Hometown Fresh Truck bringing meals to food deserts in the area
LINCOLN, Neb. (KOLN) - For many people living outside of Lincoln, getting their groceries can be a monumental task. The Food Bank of Lincoln is trying to help with that for thousands of people living more than 15 miles away from the closest food source.
Enter the Hometown Fresh Truck.
“It is, is a truck and a pull-behind trailer that will allow our neighbors to comfortably and with dignity,” said Michaella Kumke, the Executive Director. “Walk through this Mobile Food Pantry and make food selections.”
It visits eight different sites about once a month. They are stopping in Thayer, Butler, Nemaha, Pawnee, Jefferson, Otoe, and Seward Counties.
Inspiration for the truck came from serving people in rural areas during the pandemic.
“We were visiting really small towns in our 16 county service area and, and realizing you know how isolating it was at that time for sure,” Kumke said. “But just what the challenges are for folks who live in a small town, Nebraska, to get access to healthy foods.”
The trailer is equipped with shelving, refrigeration, and freezers and is handicap accessible.
The Food Bank said the fresh produce, food, and frozen protein are designed to complement what rural grocery stores may not be able to supply.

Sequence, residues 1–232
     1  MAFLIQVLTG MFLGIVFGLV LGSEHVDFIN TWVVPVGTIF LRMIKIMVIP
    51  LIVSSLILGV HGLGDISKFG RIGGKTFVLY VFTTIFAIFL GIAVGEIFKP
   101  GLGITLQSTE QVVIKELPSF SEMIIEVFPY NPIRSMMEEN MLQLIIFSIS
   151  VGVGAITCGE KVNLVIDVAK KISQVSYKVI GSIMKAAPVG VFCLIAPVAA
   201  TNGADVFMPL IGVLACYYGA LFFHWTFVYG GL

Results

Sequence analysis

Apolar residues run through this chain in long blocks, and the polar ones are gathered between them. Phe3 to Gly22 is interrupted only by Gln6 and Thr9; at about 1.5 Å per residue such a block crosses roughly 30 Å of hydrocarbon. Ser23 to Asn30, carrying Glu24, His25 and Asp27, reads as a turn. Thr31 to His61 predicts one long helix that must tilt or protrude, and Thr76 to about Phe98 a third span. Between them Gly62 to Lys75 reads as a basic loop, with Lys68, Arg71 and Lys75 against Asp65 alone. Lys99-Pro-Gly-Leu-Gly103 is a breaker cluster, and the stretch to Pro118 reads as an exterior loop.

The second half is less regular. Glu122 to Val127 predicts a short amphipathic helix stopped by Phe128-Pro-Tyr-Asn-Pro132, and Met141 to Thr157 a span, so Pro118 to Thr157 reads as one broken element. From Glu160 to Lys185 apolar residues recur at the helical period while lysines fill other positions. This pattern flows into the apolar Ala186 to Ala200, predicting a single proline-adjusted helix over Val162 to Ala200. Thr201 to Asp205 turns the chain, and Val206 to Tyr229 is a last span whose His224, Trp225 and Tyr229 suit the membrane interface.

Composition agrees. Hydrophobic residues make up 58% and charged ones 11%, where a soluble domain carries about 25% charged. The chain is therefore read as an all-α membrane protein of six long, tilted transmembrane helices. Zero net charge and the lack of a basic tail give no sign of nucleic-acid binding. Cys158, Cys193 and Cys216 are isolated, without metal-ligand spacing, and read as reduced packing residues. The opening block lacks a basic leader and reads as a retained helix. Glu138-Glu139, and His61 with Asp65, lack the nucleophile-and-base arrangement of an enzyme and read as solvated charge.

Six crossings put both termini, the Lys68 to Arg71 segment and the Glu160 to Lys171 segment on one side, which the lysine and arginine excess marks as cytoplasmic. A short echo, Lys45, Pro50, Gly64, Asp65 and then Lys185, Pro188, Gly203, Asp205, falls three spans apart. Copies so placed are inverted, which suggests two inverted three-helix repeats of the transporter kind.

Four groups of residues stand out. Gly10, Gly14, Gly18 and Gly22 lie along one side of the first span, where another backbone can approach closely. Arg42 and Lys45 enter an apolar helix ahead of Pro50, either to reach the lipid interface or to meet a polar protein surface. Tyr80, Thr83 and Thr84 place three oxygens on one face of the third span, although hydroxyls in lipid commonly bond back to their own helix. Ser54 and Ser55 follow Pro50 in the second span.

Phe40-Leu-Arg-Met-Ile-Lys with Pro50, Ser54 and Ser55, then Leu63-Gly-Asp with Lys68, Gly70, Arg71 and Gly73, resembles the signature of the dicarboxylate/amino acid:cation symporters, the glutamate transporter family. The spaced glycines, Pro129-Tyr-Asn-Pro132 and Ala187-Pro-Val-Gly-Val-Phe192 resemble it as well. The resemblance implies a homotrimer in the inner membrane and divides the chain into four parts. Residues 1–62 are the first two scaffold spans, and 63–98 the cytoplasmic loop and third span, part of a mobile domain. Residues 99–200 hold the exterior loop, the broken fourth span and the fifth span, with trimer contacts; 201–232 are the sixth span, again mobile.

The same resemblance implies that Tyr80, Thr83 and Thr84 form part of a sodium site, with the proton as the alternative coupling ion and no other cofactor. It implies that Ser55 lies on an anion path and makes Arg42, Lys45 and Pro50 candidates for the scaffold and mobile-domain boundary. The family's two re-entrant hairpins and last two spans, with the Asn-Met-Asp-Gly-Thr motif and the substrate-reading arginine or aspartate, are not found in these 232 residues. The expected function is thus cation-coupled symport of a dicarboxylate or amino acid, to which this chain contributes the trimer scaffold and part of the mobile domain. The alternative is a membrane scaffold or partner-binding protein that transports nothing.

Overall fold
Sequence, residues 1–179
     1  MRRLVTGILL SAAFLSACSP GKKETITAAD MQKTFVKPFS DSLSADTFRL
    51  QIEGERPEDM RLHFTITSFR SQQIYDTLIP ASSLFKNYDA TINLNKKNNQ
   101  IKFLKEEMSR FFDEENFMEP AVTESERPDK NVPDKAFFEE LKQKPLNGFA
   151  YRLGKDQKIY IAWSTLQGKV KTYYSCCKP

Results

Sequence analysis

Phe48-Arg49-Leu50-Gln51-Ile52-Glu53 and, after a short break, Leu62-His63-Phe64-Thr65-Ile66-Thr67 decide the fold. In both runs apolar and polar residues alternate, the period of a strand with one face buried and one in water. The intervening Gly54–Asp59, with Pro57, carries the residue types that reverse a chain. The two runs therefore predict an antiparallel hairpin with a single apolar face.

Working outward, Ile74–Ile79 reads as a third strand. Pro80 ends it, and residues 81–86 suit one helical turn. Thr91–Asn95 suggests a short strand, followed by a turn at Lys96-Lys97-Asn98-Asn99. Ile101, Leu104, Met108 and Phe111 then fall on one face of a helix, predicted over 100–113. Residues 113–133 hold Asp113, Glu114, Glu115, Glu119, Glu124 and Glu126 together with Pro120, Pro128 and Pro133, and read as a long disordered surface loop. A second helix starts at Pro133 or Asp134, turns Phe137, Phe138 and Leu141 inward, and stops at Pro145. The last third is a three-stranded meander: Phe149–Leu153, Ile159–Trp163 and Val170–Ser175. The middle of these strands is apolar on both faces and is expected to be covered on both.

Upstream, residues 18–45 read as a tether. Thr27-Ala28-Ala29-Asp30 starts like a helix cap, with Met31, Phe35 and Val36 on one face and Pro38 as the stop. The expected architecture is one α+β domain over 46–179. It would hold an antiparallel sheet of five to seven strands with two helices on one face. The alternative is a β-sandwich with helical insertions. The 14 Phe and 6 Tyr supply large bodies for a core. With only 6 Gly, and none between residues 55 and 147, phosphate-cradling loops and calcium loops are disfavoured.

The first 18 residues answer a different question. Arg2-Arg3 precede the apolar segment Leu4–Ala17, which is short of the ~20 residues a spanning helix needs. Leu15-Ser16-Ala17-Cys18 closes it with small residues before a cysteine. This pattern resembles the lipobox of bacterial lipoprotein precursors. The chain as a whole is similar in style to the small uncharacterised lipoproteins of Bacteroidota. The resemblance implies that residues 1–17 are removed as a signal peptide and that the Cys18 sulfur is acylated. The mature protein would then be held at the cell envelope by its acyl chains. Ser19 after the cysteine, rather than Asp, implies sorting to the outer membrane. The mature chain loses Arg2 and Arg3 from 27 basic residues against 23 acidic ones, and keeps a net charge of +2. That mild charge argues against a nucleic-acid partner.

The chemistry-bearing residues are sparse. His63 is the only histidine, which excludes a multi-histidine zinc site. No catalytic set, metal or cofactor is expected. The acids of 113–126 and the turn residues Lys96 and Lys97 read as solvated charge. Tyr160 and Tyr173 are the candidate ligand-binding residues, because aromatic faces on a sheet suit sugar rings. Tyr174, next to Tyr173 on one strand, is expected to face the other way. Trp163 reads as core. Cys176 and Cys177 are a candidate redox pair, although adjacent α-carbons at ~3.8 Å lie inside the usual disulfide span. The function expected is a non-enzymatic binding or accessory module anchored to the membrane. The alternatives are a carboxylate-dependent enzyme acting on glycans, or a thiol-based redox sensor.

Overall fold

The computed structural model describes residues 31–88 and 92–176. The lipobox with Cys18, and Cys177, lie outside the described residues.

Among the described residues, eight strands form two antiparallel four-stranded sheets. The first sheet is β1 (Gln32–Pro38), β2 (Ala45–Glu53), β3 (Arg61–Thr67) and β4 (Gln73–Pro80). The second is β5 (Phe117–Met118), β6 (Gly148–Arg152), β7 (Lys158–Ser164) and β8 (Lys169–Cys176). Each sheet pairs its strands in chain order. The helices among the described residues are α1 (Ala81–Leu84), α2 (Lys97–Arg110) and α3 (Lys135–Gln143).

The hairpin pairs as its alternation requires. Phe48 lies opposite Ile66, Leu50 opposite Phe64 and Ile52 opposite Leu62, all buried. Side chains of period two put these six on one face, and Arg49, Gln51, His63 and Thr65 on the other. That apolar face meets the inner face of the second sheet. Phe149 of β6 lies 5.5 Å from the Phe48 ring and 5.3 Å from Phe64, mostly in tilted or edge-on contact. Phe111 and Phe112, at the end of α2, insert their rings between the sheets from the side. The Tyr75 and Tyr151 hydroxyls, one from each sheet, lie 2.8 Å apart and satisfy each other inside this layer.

“Working with a really small town grocery store owner, they don’t have major buying capacity, like like a big box retail store,” Kumke said. “And so they may have some trouble getting the kind of produce that they want in and keeping it in stock at a reasonable price it’s kind of a check extender for the neighbors in that area.”
This is necessary for people who live in rural Thayer County, where the truck will make two stops.
“A lot of people out in the rural areas, they have to decide, do I want to save on gas and go to a mom-and-pop store and spend $5 on a gallon of milk? Or do I want to put more into my gas drive 120 miles round trip, go to Walmart, and get a gallon of milk for $2.99 sets. Either way, you’re working with the same amount of money, but you’re not getting that much worth, in food,” said Sheena Halverstadt with Southeast Nebraska CASA.
The truck also specifically picks stops where getting to the food will not be a hindrance to the people who need it.
“Public transportation is not existent in the rural areas. So again, do I have the money to drive 20 miles to Hebron to pick up this food and 20 miles back?,” Halverstadt said. “Or do I need to save that so I can get to work? A lot of people out in the rural areas, they drive 60 miles to work that’s not that’s very normal, is to have a 60-mile drive one way to work.”
Right now the truck visits those seven counties but the Food Bank said in the next six to nine months they plan to launch in all 16 counties of their service area.
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